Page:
characteristics of iop
CHARACTERISTICS OF IOP
  • Normal range: 10-22 mm Hg
  • Follows non-Gaussian curve with right

skewed tail

  • 30-50% of open angle glaucoma patients

have IOP <22 mmHg

  • Diurnal flucuation normally < 6 mmHg
  • Women have slightly higher pressures
glaucoma7
GLAUCOMA

Anatomy of

anterior chamber

angle

slide10

GLAUCOMA

Iris bombé

glaucoma8
GLAUCOMA

Population distribution of IOP

glaucoma9
GLAUCOMA

IOP Variables

Gender influences:

Normal vs glaucoma:

glaucoma10
GLAUCOMA

Angle Anatomy

glaucoma11
GLAUCOMA

How do we measure IOP?

Applanation

Tonopen

Schiotz

Air

Non-contact

glaucoma12
GLAUCOMA

Tonometry

Schiotz

Applanation

glaucoma13
GLAUCOMA

Goldmannapplanation tonometer

glaucoma14
GLAUCOMA

Tonopen

glaucoma15
GLAUCOMA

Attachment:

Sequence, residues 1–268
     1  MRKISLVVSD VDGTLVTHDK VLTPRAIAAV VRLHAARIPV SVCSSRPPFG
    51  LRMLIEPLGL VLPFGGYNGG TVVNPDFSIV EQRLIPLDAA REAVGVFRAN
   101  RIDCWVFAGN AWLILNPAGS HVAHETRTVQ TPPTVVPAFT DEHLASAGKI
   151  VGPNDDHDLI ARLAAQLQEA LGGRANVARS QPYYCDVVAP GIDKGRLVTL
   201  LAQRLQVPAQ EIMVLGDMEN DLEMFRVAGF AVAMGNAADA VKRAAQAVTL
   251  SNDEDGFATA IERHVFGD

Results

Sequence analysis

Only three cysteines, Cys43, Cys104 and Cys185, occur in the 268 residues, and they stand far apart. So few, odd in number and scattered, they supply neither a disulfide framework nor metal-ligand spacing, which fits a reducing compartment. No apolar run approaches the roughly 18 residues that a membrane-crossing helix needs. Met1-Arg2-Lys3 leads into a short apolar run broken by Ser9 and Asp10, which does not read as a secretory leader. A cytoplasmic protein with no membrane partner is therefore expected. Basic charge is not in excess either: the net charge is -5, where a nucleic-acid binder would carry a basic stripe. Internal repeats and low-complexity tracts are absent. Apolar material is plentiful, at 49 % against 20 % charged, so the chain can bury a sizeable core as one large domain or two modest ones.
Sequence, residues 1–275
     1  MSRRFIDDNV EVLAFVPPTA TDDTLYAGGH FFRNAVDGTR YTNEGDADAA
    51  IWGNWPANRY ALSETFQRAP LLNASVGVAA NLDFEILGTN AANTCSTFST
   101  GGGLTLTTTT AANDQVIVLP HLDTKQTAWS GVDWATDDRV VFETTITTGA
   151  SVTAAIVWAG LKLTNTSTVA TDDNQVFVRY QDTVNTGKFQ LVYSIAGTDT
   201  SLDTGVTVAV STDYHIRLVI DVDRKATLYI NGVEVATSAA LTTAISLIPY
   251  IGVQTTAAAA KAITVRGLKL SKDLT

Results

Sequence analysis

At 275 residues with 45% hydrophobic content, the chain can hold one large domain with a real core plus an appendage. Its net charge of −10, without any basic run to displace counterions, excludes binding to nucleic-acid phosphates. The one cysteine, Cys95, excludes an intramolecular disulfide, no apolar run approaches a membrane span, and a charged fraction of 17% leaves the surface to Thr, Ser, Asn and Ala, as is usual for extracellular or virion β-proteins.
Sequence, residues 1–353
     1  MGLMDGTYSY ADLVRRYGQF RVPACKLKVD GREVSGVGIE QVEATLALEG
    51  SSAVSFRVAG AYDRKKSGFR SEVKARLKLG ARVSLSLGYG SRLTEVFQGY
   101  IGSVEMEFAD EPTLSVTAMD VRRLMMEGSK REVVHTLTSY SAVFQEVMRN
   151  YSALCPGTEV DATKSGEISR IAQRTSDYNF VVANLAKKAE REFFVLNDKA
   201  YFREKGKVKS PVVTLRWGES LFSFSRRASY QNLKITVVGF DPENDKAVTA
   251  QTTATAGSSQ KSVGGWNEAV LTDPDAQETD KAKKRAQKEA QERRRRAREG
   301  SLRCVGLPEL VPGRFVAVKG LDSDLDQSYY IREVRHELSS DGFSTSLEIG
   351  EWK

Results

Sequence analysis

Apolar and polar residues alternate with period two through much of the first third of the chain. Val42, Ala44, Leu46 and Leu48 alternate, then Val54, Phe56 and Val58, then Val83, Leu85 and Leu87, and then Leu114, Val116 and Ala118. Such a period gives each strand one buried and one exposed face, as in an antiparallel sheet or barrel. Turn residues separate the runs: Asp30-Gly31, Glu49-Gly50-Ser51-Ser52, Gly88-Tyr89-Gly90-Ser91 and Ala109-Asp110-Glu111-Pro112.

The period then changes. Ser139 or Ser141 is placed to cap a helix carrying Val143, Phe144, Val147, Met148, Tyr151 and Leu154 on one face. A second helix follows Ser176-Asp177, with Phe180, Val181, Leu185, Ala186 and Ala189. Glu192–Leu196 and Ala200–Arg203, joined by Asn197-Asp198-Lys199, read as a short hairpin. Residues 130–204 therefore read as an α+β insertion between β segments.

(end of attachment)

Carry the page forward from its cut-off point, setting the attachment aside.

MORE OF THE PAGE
Goldmann perimeter

Glaucoma visual fields

glaucoma16
GLAUCOMA

The normal visual field: an island of vision in a sea of darkness:

the visual field
THE VISUAL FIELD

Humphrey automated perimetry

glaucoma17
GLAUCOMA

Visual fields in glaucoma

Early

Late

glaucoma18
GLAUCOMA

Cup-to-disk ratio

glaucoma19
GLAUCOMA

DISK CUPPING

Normal

Glaucoma

glaucoma20
GLAUCOMA

Glaucomatous cupping

glaucoma21
GLAUCOMA

The histology of glaucomatous optic nerve cupping:

Glaucomatous:

Normal:

glaucoma22
GLAUCOMA

Optic nerve signs of glaucoma progression

  • Increasing C:D ratio
  • Development of disk pallor
  • Disc hemorrhage (60% will show progression of

visual field damage)

  • Vessel displacement
  • Increased visibility of lamina cribosa
glaucoma23
GLAUCOMA

Ocular hypertension treatment study

(OHTS study)

  • GOALS: To evaluate the effectiveness of topical ocular hypotensive

medications in preventing or delaying visual field loss

and/or optic nerve damage in subjects with ocular hyper-

tension at moderate risk for developing open-angle

glaucoma (POAG).

  • POPULATION: 1636 participants aged 40-80 years with IOP 24-32

mm HG in one eye, and 21-32 in the other, randomly

assigned to observation and treatment groups.